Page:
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Finite-Source Model of the 8 July 2021 M 6.0 Antelope Valley, California, Earthquake

Kang Wang, Douglas S. Dreger, Roland Bürgmann, & Taka'aki Taira

Published January 31, 2023, SCEC Contribution #12708

We present a finite‐source coseismic slip model of the 2021 Mw 6.0 Antelope Valley earthquake based on the joint inversion of regional seismic waveforms, Interferometric Synthetic Aperture Radar (InSAR), and Global Navigation Satellite Systems data. The results show that the mainshock rupture was dominated by normal slip along a nearly north–south‐trending fault dipping to the east. The rupture lasted for ∼10 s, with primarily unilateral propagation toward the south. Most coseismic slip is found to be within a depth range between 6 and 10 km, with apparently no slip reaching the surface. Surface projection of the modeled fault plane matches well with the southern extension of the previously mapped Slinkard Valley fault (SVF). Aftershocks one year after the mainshock are mostly distributed within a relatively narrow band of 2–3 km thickness around the up‐dip portion of the inferred coseismic rupture plane. There is little aftershock activity below 10 km, suggesting a relatively shallow brittle‐to‐ductile transition in this area. Aftershocks are also clustered at shallow depth beneath several branches of the Antelope Valley faults to the east of the mainshock rupture, including the Mw 4.4 event on 27 August 2021, which produced clear coseismic surface deformation observed by InSAR. Most aftershocks, immediately up‐dip of the coseismic rupture and to the east beneath the Antelope Valley faults, are in areas of substantial coseismic Coulomb stress increase, particularly when assuming that all faults in this area dip to the east. This suggests that like the SVF that hosted the mainshock, the Antelope Valley faults in this area also dip to the east. There is little to no postseismic deformation seen from InSAR observations ∼2 months after the mainshock. The lack of clear coseismic and postseismic slip on the shallow portion of the fault suggests the potential for future shallow seismic activity.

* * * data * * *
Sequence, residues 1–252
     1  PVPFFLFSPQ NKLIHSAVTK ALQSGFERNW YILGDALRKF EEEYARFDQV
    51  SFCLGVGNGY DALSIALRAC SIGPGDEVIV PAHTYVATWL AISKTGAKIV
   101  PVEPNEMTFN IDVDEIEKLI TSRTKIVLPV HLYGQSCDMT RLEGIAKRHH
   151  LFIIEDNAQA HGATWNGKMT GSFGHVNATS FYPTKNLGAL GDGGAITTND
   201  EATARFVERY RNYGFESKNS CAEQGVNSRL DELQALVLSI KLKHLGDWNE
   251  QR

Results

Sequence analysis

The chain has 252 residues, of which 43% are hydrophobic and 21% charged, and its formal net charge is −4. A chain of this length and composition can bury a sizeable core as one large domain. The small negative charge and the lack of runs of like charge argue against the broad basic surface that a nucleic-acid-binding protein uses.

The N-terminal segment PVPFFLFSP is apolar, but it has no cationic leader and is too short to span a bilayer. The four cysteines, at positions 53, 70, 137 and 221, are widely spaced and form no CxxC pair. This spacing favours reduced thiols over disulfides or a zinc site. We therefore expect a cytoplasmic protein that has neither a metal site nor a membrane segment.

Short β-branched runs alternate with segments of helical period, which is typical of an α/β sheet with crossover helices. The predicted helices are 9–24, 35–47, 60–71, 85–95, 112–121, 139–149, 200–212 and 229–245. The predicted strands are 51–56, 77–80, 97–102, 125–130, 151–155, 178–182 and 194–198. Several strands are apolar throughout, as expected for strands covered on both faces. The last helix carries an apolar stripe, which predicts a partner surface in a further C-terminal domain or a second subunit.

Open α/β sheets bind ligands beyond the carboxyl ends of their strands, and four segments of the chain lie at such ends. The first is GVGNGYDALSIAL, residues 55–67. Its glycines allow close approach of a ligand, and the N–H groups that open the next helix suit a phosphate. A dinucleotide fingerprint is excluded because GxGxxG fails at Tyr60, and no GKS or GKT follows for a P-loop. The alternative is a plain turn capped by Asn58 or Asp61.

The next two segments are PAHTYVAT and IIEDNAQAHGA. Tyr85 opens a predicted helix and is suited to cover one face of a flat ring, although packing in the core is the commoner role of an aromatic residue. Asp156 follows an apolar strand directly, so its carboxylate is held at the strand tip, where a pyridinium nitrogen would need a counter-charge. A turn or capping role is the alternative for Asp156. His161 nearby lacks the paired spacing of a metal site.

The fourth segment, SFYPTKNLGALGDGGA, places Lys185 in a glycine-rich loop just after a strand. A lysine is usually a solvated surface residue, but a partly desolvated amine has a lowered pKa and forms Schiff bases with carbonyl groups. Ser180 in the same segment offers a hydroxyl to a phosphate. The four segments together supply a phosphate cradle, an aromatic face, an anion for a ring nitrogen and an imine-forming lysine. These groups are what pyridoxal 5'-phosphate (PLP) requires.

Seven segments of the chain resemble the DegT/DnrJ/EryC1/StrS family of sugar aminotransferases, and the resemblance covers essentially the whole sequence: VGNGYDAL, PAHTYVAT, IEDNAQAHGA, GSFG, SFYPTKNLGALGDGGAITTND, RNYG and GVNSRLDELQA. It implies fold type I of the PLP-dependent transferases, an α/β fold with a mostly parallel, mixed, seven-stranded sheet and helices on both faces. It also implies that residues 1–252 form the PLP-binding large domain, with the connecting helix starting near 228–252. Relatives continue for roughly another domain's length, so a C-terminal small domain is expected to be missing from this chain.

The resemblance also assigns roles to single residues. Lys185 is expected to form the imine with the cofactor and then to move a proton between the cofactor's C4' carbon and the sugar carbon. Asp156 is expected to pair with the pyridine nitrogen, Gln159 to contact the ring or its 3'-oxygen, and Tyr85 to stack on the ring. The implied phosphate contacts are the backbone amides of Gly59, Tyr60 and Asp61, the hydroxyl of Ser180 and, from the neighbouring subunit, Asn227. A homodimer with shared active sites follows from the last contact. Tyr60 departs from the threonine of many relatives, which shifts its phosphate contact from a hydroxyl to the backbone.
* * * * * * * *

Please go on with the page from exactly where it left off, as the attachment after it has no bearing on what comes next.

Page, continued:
Wang, K., Dreger, D. S., Bürgmann, R., & Taira, T. (2023). Finite-Source Model of the 8 July 2021 M 6.0 Antelope Valley, California, Earthquake. Seismological Research Letters,. doi: 10.1785/0220220262.